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The weblog description is a misquotation from Steve Aylett's Indicted to a Party: What to Do, Who to Blame.
The weblog title links to the "No Country Redirect" version, for whatever that might be worth.
February 16, 2008
Book Alert II: Sudhir Venkatesh - Gang Leader for a Day

Over at Counterpunch, Vijay Prasad reviews Gang Leader for a Day by his old college roommate Sudhir Venkatesh. The paper Steven Levitt co-authored with Mr Venkatesh on the finances of crack-dealing gangs features in Mr Levitt's and Stephen Dubner's diverting tome Freakonomics (although I've just noticed you can read the original paper here as a pdf file) and Mr Venkatesh's new book sounds just as fascinating.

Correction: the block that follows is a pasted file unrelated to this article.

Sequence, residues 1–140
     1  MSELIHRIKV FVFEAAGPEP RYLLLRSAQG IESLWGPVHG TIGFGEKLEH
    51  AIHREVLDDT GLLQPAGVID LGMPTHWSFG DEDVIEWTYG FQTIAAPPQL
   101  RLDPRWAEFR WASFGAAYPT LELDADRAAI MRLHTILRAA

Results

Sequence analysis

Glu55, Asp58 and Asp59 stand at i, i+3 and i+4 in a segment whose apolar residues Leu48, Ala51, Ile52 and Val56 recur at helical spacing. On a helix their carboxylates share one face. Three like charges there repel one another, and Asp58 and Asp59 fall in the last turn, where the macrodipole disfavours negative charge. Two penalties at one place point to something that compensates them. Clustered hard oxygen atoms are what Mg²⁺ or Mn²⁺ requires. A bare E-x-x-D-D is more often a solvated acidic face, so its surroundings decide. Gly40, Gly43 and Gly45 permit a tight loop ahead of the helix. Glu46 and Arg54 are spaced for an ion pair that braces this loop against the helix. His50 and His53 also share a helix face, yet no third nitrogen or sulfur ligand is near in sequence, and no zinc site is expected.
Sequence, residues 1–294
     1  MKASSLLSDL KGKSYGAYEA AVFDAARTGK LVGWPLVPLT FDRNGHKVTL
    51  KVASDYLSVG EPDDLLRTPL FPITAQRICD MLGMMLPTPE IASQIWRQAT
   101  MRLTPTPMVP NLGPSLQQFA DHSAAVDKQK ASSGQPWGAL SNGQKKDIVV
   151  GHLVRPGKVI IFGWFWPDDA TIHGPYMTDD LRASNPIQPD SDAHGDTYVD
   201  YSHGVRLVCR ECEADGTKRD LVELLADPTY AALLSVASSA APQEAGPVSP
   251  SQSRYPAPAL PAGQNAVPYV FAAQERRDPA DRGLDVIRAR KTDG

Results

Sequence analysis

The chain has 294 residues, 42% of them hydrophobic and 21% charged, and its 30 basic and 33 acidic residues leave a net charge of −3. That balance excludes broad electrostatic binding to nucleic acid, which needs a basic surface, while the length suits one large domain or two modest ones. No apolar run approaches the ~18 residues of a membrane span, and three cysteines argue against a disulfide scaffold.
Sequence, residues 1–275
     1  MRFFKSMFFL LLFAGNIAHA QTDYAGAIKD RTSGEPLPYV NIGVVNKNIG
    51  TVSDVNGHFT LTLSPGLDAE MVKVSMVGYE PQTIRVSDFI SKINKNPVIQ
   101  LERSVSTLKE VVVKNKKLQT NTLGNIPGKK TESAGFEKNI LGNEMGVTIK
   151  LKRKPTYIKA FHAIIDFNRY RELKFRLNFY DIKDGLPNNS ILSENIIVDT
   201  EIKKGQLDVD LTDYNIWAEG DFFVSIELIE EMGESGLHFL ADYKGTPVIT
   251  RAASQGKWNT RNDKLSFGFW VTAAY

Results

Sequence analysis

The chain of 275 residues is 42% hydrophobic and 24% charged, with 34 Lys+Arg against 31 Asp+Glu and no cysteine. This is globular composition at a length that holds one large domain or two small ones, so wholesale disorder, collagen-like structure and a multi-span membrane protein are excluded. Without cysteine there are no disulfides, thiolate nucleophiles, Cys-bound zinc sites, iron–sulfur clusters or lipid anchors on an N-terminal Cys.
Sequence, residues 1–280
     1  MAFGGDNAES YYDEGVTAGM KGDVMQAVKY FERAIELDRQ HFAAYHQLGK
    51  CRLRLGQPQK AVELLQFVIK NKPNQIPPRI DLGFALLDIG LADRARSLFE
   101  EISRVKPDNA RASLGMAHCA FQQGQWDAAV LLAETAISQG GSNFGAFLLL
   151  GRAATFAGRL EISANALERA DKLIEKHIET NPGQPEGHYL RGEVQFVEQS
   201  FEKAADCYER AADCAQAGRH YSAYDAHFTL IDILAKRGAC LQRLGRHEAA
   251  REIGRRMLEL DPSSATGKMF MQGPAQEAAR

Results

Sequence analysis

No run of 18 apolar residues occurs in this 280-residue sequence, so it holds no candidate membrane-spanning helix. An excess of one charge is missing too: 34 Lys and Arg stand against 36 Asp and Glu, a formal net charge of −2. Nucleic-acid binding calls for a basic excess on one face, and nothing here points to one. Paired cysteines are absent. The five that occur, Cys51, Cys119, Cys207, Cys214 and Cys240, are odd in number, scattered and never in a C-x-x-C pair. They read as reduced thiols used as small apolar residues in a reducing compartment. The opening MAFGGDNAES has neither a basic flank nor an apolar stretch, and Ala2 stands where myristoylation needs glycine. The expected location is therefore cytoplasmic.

Ensconced in the world of the Robert Taylor homes, Sudhir comes to see a major gap between the lived reality of the people and the scholarly-media images of them. Sociological categories such as anomie (even anarchy) and the culture of poverty do not capture the rule-based lives of these cast out Americans. Capital fled the ghetto,­ industrial investment dried up with globalization (and the factories remain as abandoned mausoleums), and retail investment rushed to the suburbs leaving space for small family shops (bodegas) whose economic survival is premised upon the sale of liquor, the lottery and the prevention of petty theft. Humans abhor a social vacuum, and into this wasteland came not only the drug-profit fueled gangs but also "off the books" entrepreneurs and community leaders. They provided a measure of order: the policing is done by the gang soldiers and the women who emerge as building leaders. These gangs became the "de facto administration" of the buildings, and even as the leader "may have been a lawbreaker, he was very much a lawmaker as well." Drug sales funnel jobs into the neighborhood, and to earn the trust of the residents, the drug kingpins become the main social welfare agency (they are assisted by women like Ms. Bailey who, in a patron-client way, distribute goods that they leverage out of local businesses). There are some startling revelations here, when Sudhir reports how families pool their resources to survive: if on one floor, an apartment has a fridge and another has a shower, if one has an air conditioner and another has a working toilet, the families simply use each others' utilities and treat the floor like one big house, with their families as one large joint family. The elements of social solidarity are all over these spaces, and Sudhir is keen to show us this. The vision of social devastation has to be altered or else a sense of futility sets in when policy makers turn their eyes to the ghetto.

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